STAFF at a tiny Scottish hotel were left stunned after a party of wealthy Americans booking a stay for The Open golf championship asked if they had a helipad.
Management at the Goblin Ha’ Hotel in Gifford, East Lothian – population 700 – had to politely explain that the village did not have helicopter facilities.
Despite failing to meet their request for bespoke aviation, the industrialists booked a nine-night stay at £90 per person per night.
Instead, they plan to get to the golf at Muirfield, 14 miles away, by chauffeur-driven limo at a cost that could be as high as £300 a day.
Rob Reeley, owner of the Goblin Ha’, said: “We got the call from the secretariat of what was described as an elite members club in the US saying they had tried to get accommodation within 30 miles of Muirfield for two of its members.
“They said they realised they have left things too late, so they were delighted when we said we could accommodate them.
“We were completing the booking details and checking on any other requirements, when the caller then asked: Do you have a helipad?
“We had to hold back a laugh and politely explain that helipads are not a common sight in Gifford.
“We try to accommodate the weird and wonderful requirements of guests staying at our hotel but unfortunately on this rare occasion we could not meet their wishes.
“But we now know they have sorted out a limo for their stay so while they may not be flying around, they still will be arriving in some style.”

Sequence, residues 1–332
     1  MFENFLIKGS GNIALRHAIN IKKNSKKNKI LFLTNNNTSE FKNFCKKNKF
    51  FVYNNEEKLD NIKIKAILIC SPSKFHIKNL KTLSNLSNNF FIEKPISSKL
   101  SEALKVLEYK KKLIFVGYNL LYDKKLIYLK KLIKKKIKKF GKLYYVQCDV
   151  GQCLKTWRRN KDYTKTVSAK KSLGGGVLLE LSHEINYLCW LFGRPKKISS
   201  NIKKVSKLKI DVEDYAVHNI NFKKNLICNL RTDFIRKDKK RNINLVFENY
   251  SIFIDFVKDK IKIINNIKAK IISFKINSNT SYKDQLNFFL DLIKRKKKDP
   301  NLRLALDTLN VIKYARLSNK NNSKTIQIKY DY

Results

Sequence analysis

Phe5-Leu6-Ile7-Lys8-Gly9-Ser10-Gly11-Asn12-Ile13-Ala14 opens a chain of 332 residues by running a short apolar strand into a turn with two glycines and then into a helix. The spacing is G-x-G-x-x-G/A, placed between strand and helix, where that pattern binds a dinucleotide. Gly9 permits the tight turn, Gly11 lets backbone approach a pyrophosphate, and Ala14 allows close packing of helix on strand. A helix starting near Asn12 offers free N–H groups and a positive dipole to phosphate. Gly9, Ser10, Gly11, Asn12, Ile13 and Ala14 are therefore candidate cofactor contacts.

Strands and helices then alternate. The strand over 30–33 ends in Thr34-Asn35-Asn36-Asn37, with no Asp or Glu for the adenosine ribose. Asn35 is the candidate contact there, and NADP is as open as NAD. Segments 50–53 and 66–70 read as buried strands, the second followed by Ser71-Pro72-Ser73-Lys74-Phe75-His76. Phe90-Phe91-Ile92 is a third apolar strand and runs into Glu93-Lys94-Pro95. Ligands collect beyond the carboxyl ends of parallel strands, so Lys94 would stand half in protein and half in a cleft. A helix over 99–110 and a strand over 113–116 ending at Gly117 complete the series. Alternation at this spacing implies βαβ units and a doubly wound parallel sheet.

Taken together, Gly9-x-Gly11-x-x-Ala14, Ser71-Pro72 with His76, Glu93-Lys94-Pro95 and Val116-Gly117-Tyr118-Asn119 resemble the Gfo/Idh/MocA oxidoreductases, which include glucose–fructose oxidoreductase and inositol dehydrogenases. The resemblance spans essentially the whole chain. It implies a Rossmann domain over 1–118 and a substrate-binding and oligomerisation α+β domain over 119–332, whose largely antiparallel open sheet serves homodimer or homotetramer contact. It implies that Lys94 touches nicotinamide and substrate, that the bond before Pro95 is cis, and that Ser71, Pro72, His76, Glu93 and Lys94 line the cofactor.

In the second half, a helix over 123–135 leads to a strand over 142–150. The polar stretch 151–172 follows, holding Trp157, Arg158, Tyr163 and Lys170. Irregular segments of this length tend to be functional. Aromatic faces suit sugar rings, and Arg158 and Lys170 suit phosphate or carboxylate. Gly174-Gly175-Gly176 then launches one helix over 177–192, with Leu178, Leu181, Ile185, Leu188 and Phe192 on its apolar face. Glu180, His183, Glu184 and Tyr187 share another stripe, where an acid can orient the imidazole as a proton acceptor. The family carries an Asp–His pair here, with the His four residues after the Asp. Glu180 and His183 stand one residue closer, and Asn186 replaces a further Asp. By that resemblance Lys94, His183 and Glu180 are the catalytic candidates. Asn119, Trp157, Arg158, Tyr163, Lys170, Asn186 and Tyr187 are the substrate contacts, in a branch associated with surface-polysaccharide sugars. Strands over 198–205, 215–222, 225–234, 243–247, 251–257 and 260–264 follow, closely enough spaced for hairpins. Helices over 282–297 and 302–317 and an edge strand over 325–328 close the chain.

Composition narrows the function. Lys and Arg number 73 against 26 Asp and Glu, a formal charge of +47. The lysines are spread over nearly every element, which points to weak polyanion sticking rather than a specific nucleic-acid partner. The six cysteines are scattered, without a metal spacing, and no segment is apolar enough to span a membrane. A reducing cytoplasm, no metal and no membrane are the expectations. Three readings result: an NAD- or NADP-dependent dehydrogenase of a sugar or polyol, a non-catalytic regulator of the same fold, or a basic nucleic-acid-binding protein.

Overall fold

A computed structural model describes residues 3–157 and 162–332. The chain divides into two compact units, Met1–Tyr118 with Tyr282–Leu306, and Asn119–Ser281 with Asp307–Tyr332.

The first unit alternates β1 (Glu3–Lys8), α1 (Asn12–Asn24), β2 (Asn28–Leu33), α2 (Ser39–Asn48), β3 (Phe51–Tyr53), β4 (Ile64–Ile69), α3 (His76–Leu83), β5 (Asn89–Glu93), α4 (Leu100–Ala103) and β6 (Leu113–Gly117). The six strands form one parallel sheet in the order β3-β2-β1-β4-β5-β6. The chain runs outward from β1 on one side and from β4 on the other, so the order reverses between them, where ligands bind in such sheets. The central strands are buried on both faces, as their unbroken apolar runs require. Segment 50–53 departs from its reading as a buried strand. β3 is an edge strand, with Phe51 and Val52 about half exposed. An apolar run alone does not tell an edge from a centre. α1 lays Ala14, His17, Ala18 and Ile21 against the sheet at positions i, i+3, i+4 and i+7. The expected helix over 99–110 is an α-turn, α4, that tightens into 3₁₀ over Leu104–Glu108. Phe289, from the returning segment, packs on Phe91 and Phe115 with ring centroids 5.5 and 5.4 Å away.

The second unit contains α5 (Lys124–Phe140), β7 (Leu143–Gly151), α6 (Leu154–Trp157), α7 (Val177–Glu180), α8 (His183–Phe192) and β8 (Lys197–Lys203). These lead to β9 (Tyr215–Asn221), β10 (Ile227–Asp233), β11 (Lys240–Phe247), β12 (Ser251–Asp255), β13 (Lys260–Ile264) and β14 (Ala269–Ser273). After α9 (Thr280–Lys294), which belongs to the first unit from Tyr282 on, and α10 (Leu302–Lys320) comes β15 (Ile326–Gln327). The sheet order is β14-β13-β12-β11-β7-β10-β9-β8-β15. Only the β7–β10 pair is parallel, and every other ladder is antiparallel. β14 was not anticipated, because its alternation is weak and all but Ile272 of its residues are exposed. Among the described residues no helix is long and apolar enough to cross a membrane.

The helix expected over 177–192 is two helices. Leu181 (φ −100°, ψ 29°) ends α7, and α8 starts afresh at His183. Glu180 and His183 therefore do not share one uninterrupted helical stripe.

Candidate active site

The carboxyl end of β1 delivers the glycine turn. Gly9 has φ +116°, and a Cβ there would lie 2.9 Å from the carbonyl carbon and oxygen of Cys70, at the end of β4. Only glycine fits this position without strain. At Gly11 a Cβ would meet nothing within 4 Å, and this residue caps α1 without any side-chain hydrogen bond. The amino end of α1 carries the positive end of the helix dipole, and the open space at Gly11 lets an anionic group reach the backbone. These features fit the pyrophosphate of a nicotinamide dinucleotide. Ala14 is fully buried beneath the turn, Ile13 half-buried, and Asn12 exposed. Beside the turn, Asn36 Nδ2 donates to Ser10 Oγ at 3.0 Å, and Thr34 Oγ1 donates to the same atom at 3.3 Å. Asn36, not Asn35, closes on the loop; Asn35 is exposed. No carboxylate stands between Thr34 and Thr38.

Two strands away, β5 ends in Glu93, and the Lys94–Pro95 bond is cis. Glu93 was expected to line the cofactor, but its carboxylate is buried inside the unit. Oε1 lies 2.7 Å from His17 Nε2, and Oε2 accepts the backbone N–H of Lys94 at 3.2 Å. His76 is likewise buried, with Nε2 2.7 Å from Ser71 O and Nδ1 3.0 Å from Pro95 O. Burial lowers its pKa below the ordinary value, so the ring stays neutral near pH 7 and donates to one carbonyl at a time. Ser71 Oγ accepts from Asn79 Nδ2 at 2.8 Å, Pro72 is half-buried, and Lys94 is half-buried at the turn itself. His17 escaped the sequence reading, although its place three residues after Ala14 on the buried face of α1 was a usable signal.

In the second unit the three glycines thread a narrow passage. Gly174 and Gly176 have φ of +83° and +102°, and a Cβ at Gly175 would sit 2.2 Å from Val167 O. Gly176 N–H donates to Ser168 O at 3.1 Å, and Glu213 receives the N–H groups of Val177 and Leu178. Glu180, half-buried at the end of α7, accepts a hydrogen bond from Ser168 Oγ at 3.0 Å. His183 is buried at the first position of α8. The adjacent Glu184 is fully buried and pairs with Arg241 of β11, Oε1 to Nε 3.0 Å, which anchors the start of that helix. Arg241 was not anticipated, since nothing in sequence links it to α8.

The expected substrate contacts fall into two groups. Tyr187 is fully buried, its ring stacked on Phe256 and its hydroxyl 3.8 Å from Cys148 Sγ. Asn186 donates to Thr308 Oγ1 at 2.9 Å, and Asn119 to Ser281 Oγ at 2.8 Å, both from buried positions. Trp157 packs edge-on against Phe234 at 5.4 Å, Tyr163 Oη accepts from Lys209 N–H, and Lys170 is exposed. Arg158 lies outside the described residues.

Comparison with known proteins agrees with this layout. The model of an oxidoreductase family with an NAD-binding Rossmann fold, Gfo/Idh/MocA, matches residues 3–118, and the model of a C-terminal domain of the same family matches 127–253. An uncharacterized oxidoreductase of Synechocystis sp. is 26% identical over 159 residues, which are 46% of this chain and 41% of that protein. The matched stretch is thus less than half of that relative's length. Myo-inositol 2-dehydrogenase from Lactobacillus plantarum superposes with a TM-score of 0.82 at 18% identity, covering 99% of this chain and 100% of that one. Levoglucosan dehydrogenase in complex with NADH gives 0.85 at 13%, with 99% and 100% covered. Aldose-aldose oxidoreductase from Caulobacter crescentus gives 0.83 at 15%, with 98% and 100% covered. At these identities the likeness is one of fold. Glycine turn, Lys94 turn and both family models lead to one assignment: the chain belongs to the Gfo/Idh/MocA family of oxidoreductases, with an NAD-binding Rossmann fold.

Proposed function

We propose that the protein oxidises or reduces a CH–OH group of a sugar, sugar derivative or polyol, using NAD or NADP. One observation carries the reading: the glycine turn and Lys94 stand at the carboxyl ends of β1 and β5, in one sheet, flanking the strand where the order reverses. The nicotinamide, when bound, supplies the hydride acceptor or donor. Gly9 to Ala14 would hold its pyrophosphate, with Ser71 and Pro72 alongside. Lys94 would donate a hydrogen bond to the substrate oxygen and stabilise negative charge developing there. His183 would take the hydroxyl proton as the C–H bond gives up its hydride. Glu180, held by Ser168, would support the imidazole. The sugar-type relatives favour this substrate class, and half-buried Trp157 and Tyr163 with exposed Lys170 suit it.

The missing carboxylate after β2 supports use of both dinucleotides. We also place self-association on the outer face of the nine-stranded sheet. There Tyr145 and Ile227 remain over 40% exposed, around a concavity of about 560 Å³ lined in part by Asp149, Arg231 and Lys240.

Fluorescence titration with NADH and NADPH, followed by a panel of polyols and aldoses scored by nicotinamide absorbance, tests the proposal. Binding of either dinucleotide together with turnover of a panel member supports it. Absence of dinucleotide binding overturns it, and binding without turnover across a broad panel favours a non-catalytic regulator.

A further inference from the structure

As one of the biggest sporting events in the UK in 2013, The Open will attract around 140,000 visitors from all over the world to East Lothian and should account for around 1% of Edinburgh and the Lothians income for the year.
Hiring a chauffeur-driven car for the four day event will cost visitors more than £1,000.
Scottish Labour councillor John McMillan, from Haddington and Lammermuir, said: “I haven’t heard of a request for a helipad before but last year at the open most of the Americans I spoke to had already booked their accommodation more than a year in advance, and one family were even staying for two months.
“The competition offers a huge boost to the economy, welcoming around 140,000 visitors and is a great opportunity to showcase East Lothian.
“The helipad request is a wonderful example of how much people care about the event, and how much effort they make to fully enjoy themselves.”
Gifford is named after an underground chamber in the nearby ruin of Yester Castle.
Yester Castle was built in 1267 for Sir Hugo Gifford, locally thought to be a wizard with a design that incorporated a dungeon know as the Goblin Hall, or Goblin Ha’, allegedly built with the aid of magic.
Its most famous residents include reformer John Knox; John Witherspoon, composer Gian Carlo Menotti and double Commonwealth Games Bowls gold medallist, Willie Wood.